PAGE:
In the center of the exhibit is a full-sized GPS antenna monument model. Beneath and extending away from the antenna, a floor graphic with a timeline and ruler displays the distance the region has moved since the most recent tsunami-forming earthquake of January 1700. Black dots are overlaid on the ruler to show the yearly distance that the EarthScope Plate Boundary Observatory (PBO) GPS monument located in Newport, Oregon has moved since its installation in 2000. The graphic illustrates that the Pacific Northwest coastal region has moved approximately 12 feet over the past 300 years and will move this distance to the southwest during the next subduction-zone earthquake.

Next to the GPS antenna, Millimeter Measurements from Space showcases the PBO high-precision GPS network technologies used to measure the movement of the land with replicas of the communication equipment and solar power system. Visitors learn the role of the upgraded PBO GPS network to support real-time GPS data acquisition and provide the rapid data transfer required for current research and future earthquake early warning systems. They learn more about how GPS works and are encouraged to compare the accuracy of GPS on their smart device with the accuracy of the high-precision GPS systems used in these networks.

As visitors head into the aquarium section of HMSC, they pass by the Load...Explode hands-on display of the UNAVCO exhibit. On the display, a graphic shows a side-view of the overlap of the Juan de Fuca and North American plates. Cranking a weighted handle pulls both plates downward, building stress, until a random release point is reached to create an earthquake, causing the North American plate to spring back up. Children particularly enjoy this display, spending a half-minute on average, creating multiple earthquakes.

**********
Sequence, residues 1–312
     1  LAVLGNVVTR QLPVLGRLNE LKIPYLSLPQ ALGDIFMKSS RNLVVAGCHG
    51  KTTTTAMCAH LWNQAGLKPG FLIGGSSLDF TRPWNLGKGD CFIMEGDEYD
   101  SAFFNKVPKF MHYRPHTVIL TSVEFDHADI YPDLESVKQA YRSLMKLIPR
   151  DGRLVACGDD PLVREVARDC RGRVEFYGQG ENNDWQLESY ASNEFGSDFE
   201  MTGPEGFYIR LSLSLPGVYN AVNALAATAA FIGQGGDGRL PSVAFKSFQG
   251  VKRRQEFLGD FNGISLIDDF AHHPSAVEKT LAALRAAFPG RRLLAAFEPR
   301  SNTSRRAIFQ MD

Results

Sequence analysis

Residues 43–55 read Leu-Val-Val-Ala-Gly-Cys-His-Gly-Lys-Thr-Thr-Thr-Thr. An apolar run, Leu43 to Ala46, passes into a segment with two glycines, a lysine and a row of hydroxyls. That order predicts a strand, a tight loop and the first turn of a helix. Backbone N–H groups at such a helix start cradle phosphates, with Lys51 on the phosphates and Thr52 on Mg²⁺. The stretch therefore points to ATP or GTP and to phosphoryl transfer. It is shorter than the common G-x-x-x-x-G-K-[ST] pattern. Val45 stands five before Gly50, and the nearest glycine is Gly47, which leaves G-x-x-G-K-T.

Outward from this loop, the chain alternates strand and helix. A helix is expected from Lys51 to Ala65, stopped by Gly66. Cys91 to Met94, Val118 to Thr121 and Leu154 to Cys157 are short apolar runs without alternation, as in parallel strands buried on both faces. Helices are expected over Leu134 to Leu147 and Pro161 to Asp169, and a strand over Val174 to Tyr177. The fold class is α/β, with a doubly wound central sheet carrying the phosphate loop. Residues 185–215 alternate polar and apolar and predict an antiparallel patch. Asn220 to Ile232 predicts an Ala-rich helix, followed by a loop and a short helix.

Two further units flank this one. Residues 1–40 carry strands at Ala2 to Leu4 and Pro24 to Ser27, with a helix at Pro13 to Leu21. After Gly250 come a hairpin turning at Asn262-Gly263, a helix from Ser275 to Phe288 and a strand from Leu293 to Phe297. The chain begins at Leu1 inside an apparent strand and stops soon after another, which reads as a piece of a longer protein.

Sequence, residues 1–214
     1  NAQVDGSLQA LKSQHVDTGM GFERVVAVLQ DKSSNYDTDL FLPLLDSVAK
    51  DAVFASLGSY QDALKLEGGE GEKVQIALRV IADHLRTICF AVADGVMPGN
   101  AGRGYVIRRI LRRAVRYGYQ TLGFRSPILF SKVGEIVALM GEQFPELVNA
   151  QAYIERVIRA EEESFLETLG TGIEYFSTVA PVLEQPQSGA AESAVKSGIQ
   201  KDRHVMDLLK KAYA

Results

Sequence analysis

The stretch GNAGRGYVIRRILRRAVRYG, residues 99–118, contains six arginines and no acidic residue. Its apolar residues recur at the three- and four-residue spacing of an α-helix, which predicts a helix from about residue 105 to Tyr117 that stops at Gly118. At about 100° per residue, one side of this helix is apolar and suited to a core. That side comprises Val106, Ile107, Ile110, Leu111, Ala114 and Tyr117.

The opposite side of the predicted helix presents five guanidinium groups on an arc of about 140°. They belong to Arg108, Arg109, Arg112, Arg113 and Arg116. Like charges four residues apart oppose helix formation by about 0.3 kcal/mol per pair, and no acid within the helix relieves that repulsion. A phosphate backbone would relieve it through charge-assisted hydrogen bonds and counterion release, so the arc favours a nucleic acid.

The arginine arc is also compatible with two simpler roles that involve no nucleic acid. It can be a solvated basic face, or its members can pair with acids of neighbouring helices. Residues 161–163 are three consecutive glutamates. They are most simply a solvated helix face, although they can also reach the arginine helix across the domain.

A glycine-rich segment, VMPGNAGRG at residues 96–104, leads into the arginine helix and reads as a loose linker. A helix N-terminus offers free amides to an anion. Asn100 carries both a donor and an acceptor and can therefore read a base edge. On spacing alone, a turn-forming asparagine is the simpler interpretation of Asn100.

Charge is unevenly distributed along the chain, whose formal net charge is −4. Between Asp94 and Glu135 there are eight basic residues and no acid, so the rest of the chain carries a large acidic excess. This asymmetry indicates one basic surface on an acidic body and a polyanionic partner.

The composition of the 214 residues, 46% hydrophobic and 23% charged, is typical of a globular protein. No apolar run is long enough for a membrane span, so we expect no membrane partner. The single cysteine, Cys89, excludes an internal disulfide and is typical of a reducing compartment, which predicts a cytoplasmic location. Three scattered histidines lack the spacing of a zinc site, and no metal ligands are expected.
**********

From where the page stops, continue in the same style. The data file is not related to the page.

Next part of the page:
Next to the Load...Explode display is an interactive web-based kiosk: Cascadia Exploration: Danger beneath the Pacific Northwest. This content is part of the Active Earth Monitor operated by IRIS and explores the science of earthquakes, volcanoes, tsunamis, and plate tectonics of the region and the technologies used to monitor them. Visitors to this kiosk spend an average of one minute exploring the content.

Visitors enter and leave the UNAVCO exhibit from multiple access points from the lobby area. Approximately 30% of these visitors engage with two or more areas of the exhibit with some leaving to visit other exhibits and return. For instance, visitors who begin at Plate under Pressure, then visit the GPS dome and floor graphic. The UNAVCO exhibit complements many other exhibits in the museum which provide displays about tsunamis, the local tsunami inundation zone, and debris that traveled from Japan in the 2011 Tohoku earthquake. As a whole, these exhibits provide visitors experiences to learn about the risks of earthquakes and tsunamis and the physical compression of the land that is leading to the build up of energy.


Acknowledgements

This work is based on materials provided by the UNAVCO Education and Community Engagement Program with support from the National Science Foundation (NSF) and National Aeronautics and Space Administration (NASA) under NSF Award EAR-1261833. A special thank you to Jennifer East, and Marie Kowalski, Oregon State University, for watching endless hours of video and compiling data. Research for this project conducted under OSU IRB Study ID 6881 Exempt Approval.